Basketball History, Basketball Triple Doubles

Quintuple-Doubles: Has a player ever recorded a 10-10-10-10-10 in NBA?


In short, nope. No NBA player has ever accomplished a quintuple-double — which is very much like seeing a three-legged flying unicorn and a robotic Lochness monster… in a poly amorous relationship with a Big Foot that has a tentacle as one of his arms .

That’s to say, a quintuple-double has never been reported in any professional basketball league.

For you n00bs, a quintuple-double– also known as a 10-10-10-10-10 — is when a player accumulates 10 (or more) points, rebounds, assists, steals, and blocks —— within a single game. Basically, if you have a player that’s even sniffing a quintuple double, you’re winning that day’s fantasy basketball league.

But in the NBA, it hasn’t happened, and the closest any NBA player has gotten was still far off:

Hakeem Olajuwon HOU 3/10/1987 38 17 6 7 12 7
Hakeem Olajuwon HOU 3/3/1990 29 18 9 5 11 6
Hakeem Olajuwon HOU 3/29/1990 18 16 10 1 11 9
David Robinson SAS 2/17/1994 34 10 10 2 10 8
Chris Webber SAC 2/7/1999 25 15 8 3 9 10
Andrei Kirilenko UTA 1/3/2006 14 8 9 6 7 10
Draymond Green GSW 02/10/2017 4 12 10 10 5  11

By the way, we didn’t count any players’ statlines that included zero or 1 (1 steal for example) in the above list because one steal or zero blocks isn’t “close” (outside of Olajuwon’s quad double).

The closest to the quintuple-double was from the great Hakeem Olajuwon, and as impressive as his night was on March 3rd, 1990, it wasn’t even that close. It wasn’t even a quadruple double. Even though it was the nearest statline to 5×10, it was still 5 steals and one assist short.

That just tells you how difficult it will be to register a quintuple-double, if it ever happens.

UPDATE: Draymond Green might not have been as numerically close as others, but he actually may have been the closest of them all – that’s because he achieved a triple double without 10 points.

Check this weird triple double out: 12 rebounds, 10 assists and 10 steals. Yes, that’s without the points. This from a man that was averaging 10.7 points when he accomplished it, but he ended up scoring just 4 points in that game. And why it may be the closest to a quint-dub? In that same game he blocked five shots! So Green was actually closer to a quadruple double with his blocks than he was with points. It’s not like he had to get three more steals and five more blocks — he had to score 6 more points and 5 more blocks.

If the game went into overtime, Draymond could have easily gotten another 6 points.

Non-NBA Quintuple Doubles

The only recorded quintuple-doubles both occurred in a girls’ high school game. The first time it happened was in 1997. The crazy statistical tornado was accomplished by Tamika Catchings of Duncanville High School in Texas recorded 25 points, 18 rebounds, 11 assists, 10 steals and 10 blocks in 1997. It’s no surprise that it was Catchings, the WNBA legend, Olympic Gold Medalist and certain Hall of Famer, that is well-known for doing a little bit of everything and giving 100% when on the court.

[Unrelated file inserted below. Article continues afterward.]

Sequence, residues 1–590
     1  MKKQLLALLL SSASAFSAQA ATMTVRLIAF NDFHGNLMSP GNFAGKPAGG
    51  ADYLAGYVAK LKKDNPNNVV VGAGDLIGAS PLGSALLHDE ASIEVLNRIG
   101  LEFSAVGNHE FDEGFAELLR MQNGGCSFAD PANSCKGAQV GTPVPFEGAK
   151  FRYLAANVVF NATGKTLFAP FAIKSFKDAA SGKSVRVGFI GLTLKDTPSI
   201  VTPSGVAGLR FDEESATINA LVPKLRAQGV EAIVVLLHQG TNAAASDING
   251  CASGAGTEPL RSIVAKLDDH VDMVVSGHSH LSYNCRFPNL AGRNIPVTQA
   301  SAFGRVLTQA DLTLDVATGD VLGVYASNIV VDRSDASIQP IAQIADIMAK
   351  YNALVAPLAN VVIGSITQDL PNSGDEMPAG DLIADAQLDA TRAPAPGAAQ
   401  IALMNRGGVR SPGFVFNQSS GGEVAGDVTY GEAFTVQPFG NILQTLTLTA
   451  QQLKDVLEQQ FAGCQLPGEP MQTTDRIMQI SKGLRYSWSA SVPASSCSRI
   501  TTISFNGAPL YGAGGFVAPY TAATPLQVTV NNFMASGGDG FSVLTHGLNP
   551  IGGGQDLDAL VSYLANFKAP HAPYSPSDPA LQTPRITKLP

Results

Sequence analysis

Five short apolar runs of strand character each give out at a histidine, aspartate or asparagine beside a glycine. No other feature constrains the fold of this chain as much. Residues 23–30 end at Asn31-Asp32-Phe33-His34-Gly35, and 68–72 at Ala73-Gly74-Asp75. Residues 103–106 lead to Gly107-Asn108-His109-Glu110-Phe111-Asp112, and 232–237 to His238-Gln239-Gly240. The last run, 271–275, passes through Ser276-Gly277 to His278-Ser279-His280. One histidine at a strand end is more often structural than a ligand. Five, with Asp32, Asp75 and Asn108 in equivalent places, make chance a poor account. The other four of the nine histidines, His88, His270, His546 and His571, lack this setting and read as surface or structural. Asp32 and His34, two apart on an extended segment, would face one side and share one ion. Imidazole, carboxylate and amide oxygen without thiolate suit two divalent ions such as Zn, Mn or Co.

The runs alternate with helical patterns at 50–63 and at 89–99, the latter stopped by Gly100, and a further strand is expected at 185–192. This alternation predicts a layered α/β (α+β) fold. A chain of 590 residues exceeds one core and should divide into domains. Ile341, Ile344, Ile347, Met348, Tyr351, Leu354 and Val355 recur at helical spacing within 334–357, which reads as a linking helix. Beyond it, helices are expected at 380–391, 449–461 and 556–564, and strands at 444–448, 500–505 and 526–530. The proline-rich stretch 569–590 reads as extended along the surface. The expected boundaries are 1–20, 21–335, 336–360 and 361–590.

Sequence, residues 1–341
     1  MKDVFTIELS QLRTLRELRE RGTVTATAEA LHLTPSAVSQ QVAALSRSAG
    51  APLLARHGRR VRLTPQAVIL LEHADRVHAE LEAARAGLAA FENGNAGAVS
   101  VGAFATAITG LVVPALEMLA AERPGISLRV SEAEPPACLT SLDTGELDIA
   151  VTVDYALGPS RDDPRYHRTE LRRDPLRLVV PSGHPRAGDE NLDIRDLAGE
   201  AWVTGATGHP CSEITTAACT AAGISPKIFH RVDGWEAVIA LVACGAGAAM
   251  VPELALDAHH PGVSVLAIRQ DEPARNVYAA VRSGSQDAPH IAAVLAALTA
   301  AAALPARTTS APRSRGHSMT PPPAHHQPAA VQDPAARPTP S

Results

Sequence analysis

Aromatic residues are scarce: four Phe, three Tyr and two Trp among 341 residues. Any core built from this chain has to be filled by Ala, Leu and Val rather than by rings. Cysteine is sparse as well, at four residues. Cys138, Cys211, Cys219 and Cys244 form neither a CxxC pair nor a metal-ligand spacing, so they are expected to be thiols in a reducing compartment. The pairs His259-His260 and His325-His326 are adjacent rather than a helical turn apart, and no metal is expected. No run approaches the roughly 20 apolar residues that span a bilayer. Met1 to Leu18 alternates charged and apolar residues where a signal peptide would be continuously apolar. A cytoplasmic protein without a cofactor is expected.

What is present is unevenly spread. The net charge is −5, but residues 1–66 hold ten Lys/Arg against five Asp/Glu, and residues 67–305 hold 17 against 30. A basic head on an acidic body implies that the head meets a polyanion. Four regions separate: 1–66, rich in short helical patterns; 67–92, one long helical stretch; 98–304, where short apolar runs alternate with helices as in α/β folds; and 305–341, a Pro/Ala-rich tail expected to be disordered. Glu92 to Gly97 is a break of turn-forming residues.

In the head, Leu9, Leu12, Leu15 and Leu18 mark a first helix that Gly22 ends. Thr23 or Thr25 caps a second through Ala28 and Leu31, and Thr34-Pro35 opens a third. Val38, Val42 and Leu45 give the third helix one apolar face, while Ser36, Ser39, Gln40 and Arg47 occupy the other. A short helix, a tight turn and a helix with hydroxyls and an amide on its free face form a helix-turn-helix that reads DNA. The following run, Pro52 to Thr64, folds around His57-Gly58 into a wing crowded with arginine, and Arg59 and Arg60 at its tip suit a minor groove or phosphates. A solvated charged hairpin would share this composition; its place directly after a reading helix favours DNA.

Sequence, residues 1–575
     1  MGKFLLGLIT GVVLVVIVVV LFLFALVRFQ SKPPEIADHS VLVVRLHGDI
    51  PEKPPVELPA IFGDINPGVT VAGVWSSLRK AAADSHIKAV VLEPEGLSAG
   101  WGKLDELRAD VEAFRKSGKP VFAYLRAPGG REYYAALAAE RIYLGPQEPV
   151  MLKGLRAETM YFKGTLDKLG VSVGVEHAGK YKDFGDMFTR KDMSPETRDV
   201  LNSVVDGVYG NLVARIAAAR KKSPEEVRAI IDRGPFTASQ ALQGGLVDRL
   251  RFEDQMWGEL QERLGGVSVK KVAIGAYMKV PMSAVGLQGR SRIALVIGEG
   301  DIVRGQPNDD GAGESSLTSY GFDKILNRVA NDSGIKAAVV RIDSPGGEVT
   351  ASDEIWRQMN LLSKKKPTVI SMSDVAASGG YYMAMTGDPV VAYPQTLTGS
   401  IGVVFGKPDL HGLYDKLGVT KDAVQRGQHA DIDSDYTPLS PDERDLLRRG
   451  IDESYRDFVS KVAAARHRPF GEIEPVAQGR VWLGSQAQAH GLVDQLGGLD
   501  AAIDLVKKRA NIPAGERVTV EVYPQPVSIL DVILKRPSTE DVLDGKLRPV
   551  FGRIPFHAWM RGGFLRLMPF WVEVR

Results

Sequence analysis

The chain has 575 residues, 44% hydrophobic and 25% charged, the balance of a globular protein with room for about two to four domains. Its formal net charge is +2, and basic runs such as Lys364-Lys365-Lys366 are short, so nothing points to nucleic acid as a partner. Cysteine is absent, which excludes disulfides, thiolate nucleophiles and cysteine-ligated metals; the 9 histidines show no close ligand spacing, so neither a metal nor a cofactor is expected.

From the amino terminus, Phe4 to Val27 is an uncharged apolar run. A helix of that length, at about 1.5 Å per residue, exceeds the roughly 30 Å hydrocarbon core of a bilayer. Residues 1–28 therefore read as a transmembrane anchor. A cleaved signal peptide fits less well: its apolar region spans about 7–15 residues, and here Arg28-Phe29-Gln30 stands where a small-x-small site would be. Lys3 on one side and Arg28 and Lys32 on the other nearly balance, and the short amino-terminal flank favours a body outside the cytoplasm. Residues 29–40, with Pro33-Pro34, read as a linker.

The second time that a quintuple-double was registered was in 2012. Aimee Oertner of Northern Lehigh High School in Slatington, Pa., scored 26 points, grabbed 20 rebounds, passed for 10 assists, and pulled in 10 steals and 11 blocks.

Not that quintuple doubles are ever easy, and no offense to Catchings or Oertnerm but the accomplishment in high school vs. the NBA is miles away.

So What Players are Capable of the First Quintuple Double?

Back to the NBA, it really comes down to a player that not only can block shots but is quick enough to steal passes. All those usual triple-double threats like Jason Kidd and Magic Johnson, Russell Westbrook, and even LeBron James aren’t real threats to get a quintuple double because of the blocks.

It comes to those multifaceted front court players. It’s a short list. Off the top of my head, there’s fewer than ten players in the last 30 years that were ever real quintuple double threats:

It’s not out of the question for these handful of players block ten shots and on a good night. But can they also accumulate 10 steals? Not only does it have to be a special player, but that particular game would probably have to go into a couple overtime sessions for them to achieve the quintuple-double.

The problem? All but one of these players are retired from the NBA. The one player that has the best chance, Anthony Davis, would have to have a career night in steals and pass the ball unusually well.

So what other current players could threaten a 10-10-10-10-10? Both LeBron and Draymond Green are capable of triple doubles on many nights, but getting 10 blocks seems highly-unlikely for the duo. Even the triple-double machine Russell Westbrook isn’t a serious part of this conversation due to shot blocking as part of the equation.

Think about it — a player has scored 100 points in one game. That same player (Wilt Chamberlain) has pulled in 50 rebounds in a game twice! A player has dished 30 assists before. A quadruple-double has been recorded four times. A quintuple-double has never happened and has never been close, so it must be the most-difficult stat-based accomplishment ever in NBA history.

It’ll have be  a combination of that very-rare multi-skilled big man like a Robinson, Hakeem, Kirlenko, Garnett or Davis along with the stars aligning in a couple-overtime game for the near-impossible quintuple-double to be recorded for the first time.

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